What's the good of having a sofa and chairs where you can't relax?
posted by 26.2 at 7:50 AM on November 5, 2012


Thanks everyone! I guess a really determined bedbug can find its way anywhere! (And, fwiw, I haven't had any hitchhike home on secondhand clothes.) It's just that I'm one of those people who can't help scratching at even the mention of bedbugs.

I already have a few nice pieces handed down or inherited. Unfortunately, none of them is a sofa, which is the one item I really need! I think that and a bedframe will be what I wind up splurging on, and buy from reputable consignment stores and cross my fingers for the rest.
posted by Rosie M. Banks at 8:45 AM on November 5, 2012


Rosie M. Banks: "I think that and a bedframe will be what I wind up splurging on, and buy from reputable consignment stores and cross my fingers for the rest."

Actually, I'd do the opposite. A bedframe is made (usually) from wood or metal, which makes it (a) generally resistant to infestation, and (b) durable. Upholstered furniture does not age nearly as well, and usually requires more work to be made comfortable.
posted by mkultra at 9:07 AM on November 5, 2012


Something in your favor is that you live in a detached house--which at least means that if on the off chance you somehow DO get bedbugs, you'd be able to get rid of them more easily than someone living in an apartment building where they could spread to your neighbors' apartments and keep coming back if the whole building isn't treated appropriately. That's where a lot of nightmare stories come in.

If you want to be super-cautious and have the time and space, you can wrap stuff up properly and store it for a set amount of time until any possible bugs or eggs are dead.

But if not, I would look for furniture from people who don't have a lot of traffic in their homes. Apartment shared by a few roommates who travel and have guests often and have people moving in and out often? High risk. Estate sale or older established couple who buy everything new or have had their home furnished for years? Low risk.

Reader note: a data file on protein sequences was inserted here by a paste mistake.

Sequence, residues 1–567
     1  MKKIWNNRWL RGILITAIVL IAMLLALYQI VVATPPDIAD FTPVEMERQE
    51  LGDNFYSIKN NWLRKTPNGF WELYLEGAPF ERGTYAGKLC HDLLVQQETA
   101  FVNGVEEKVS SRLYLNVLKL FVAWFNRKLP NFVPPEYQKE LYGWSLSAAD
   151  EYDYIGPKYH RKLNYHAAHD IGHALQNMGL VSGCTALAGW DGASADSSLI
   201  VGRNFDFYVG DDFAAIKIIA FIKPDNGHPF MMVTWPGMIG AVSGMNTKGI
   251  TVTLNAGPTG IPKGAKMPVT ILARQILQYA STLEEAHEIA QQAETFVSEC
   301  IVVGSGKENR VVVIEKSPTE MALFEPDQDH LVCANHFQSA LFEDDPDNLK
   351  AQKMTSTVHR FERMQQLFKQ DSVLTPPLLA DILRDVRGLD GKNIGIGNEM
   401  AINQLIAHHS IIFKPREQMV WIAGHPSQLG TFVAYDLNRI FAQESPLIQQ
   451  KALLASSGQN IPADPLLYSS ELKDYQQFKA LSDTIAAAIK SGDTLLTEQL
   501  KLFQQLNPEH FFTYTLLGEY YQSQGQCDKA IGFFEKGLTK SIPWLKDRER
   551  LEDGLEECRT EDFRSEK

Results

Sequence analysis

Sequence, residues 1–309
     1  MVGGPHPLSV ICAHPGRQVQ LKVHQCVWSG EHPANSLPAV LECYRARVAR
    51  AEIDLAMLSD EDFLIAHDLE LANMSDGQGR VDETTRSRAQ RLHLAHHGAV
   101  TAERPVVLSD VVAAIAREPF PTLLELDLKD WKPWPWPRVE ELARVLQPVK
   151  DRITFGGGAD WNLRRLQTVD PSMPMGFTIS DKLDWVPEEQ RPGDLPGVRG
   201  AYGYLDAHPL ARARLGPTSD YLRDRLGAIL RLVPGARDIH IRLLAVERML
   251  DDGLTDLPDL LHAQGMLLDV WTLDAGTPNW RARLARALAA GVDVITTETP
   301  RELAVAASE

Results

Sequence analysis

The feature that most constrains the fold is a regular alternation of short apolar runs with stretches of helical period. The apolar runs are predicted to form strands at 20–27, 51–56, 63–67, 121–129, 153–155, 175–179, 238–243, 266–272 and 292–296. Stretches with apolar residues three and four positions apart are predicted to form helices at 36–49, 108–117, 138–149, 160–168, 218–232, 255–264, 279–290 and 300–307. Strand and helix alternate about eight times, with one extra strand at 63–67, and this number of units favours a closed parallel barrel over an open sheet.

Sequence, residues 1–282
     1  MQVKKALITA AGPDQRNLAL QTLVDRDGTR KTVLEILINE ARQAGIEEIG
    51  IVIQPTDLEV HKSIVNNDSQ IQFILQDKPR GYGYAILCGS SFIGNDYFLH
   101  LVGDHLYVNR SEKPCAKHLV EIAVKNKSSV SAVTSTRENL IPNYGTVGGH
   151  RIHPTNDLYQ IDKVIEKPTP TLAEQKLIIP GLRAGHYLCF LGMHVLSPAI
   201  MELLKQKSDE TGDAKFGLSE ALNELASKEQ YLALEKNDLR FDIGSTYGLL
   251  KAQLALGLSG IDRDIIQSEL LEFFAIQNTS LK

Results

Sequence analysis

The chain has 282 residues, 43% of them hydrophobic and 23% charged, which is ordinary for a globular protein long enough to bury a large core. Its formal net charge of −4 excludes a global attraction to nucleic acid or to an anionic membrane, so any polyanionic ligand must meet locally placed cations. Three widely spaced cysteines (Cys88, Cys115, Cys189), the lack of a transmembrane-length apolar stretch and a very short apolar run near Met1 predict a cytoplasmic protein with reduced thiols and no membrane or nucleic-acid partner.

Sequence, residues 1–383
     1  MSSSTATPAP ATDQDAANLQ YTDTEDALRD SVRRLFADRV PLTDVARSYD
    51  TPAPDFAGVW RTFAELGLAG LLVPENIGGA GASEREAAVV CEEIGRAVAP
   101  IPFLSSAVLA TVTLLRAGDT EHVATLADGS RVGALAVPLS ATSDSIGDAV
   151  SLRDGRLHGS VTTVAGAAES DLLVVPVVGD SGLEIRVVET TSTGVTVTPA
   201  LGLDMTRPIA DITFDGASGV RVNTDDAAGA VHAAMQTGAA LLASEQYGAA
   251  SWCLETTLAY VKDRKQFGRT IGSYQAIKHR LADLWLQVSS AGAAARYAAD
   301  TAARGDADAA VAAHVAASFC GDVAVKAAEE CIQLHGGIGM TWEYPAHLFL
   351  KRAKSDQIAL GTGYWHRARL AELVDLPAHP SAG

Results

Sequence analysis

posted by needs more cowbell at 9:08 AM on November 5, 2012


It doesn't matter how high quality a piece of furniture is. Bedbugs can still live in it. Bedbugs don't know the difference between a Herman Miller couch and an Ikea couch.

That said, I think bedbug hysteria is overblown in most cases, and I don't think there's anything wrong with buying (some types of) gently used secondhand furniture.

I'm a flea market junkie who buys secondhand for both aesthetic and environmental/humanitarian reasons. Here are the things I'm willing to consider:

- wood, metal, and plastic furniture with NO UPHOLSTERY.

- can't be a bed or a couch. Nightstands are iffy, too.

- should be sold be a reputable seller. Someone with a flea market booth or a vintage shop, OK, you're going to be back here next weekend and you rely on reputation and word of mouth. Salvation Army, Craigslist, and Freecycle are Caveat Emptor city.

- I think that if a friend or family member wants to give you hand-me-downs, that's fine pretty much across the board as long as they haven't had infestations in the past.

In suburbia, I think none of this is an issue at all, though I certainly wouldn't buy a used mattress or anything, because ick. People outside of cities just don't live in close enough quarters to make bedbug infestations a huge thing.
posted by Sara C. at 9:44 AM on November 5, 2012


For a sofa, first, inspect the piece carefully. Know what to look for in terms of bedbug "leavings." If you see no evidence of this and want to proceed with the furniture, buy a cheap steamer or steam cleaner ($30-$50 on Amazon) and steam the upholstered furniture very thoroughly the first time you bring it into the house. Steam heat kills them. Wipe down all wood surfaces with a healthy dose of Murphy's Oil Soap. I've done this in a bedbug-infested neighborhood twice with used pieces, and have had no problems.
posted by amoeba at 10:09 AM on November 5, 2012 [1 favorite]


I'm marking this resolved as the responses have answered my question. I have no intention of getting a used mattress (yuck indeed) and plan to splurge on a new bed (because a good-quality bedframe looks much nicer, and I'm an insomniac) and sofa (due to upholstery issues). The steamer suggestion was a big help, too.

It's also nice to know that suburban dwellings are much less likely to be buggy. And estate sales are one source I plan to buy from; good to know they are on the safer side.

Thanks everyone!
posted by Rosie M. Banks at 1:56 PM on November 6, 2012